• Because of the unique hazards associated with technologies present in alternative fuel vehicles, emergency responders must be able to easily distinguish EVs, HEVs, hydrogen fuel-cell vehicles and conventional ICE vehicles when attending incidents (Grant, 2010).

Risks associated with low vehicle noise emission

  • Recent advances in ‘green’ alternative fuel technologies are increasing the prevalence of hybrid and fully-electric vehicles in today’s marketplace. These technologies bring about reduced fuel consumption, reduced carbon dioxide emission and reduced vehicle noise emission. The latter has important implications for the safety of vulnerable road users, such as cyclists and pedestrians, particularly those who are visually-impaired, since the usual noise produced by an internal combustion engine is now absent. In low-speed environments particularly, aerodynamic and road-tyre sounds are negligible meaning road users have few available auditory cues to an approaching vehicle. Collision with pedestrians even at speeds of 30 km/h can be serious, so the lack of noise emission may present a substantial risk (Voigt et al.).

  • The detection of electric vehicles with low noise emission may be improved via the addition of synthetic sounds to act as a warning in the absence of real engine sounds. There is an important trade-off for the optimisation of such synthetic sounds; they must be optimal for health and social well-being of the neighbourhood whilst also conveying useful information about the driver’s intentions to vulnerable road users. This must include speed, acceleration and deceleration patterns, and braking (Chamard et al., 2012).

  • Evidence suggests that the greatest risks to vulnerable road users occur when the EVs are travelling at low speeds, since the noise emitted from the friction between the tyres and the road surface, and the aerodynamic noise, are both minimal. Thus, at low-speeds, an EV may be near silent. It follows that these risks will be most prevalent in urban areas which enforce low speed limits (Cocron et al., 2010).

  • However, there is mixed evidence that the number of accidents involving pedestrians is any different for electric vehicles and conventional ICE vehicles. The National Highway Traffic Safety Administration (NHTSA) in the USA reported that HEVs were found to be twice as likely to be involved in a slow-moving accident with pedestrians as equivalent ICE vehicles. However, in a review of vehicle accident statistics, the Transport Research Laboratory found that the likelihood of being involved in a collision with a pedestrian was comparable between EVs/HEVs and conventional ICE vehicles. It was also not possible to determine whether those accidents that did occur between pedestrians and EVs/HEVs were associated with the low noise emission of those vehicles (NHTSA, 2009; Morgan et al., 2011).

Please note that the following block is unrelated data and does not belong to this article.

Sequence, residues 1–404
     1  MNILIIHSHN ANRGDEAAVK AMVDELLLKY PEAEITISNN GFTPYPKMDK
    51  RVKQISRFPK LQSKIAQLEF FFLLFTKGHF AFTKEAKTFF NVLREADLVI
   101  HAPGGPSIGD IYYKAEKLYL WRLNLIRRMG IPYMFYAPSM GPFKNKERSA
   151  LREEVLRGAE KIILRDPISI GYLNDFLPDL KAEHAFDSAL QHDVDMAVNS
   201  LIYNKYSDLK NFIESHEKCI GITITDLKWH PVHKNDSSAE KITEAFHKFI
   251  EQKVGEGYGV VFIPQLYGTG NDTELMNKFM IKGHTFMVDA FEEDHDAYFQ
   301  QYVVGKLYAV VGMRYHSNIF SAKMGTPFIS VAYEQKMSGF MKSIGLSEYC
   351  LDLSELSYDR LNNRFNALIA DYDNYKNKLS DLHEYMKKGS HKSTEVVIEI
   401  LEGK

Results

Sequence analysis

• Despite the lack of strong evidence that there is currently an increased risk to vulnerable road users posed by vehicles with low noise emission, the number of electric vehicles on the road may rise in the future which could increase the risk so investigation of measures designed to mitigate those risks are of value (Visvikis et al, 2010).

  • There is good evidence that the addition of synthetic sounds is beneficial for the detectability of electric vehicles. The sound profile is an important consideration; ‘engine’ and ‘hum’ sounds appear to be preferred by visually-impaired pedestrians. For example, Nissan’s approaching Vehicle Sound for Pedestrians (VSP) system has been shown to be successful at increasing the detectability of a production Nissan electric vehicle (e.g. Goodes et al., 2008; Kim et al., 2012; Parizet et al., 2013; Wogalter et al., 2013).

  • It is argued that the addition of synthetic sounds to electric vehicles may only be necessary until the majority of vehicles on the road have low noise emissions. After that turning point, a shift in public awareness may negate the need to add warning sounds to the vehicles (Voigt et al.).

  • Date Added: 03 Apr 2012, 08:22 AM
  • Last Update: 05 Feb 2014, 04:43 PM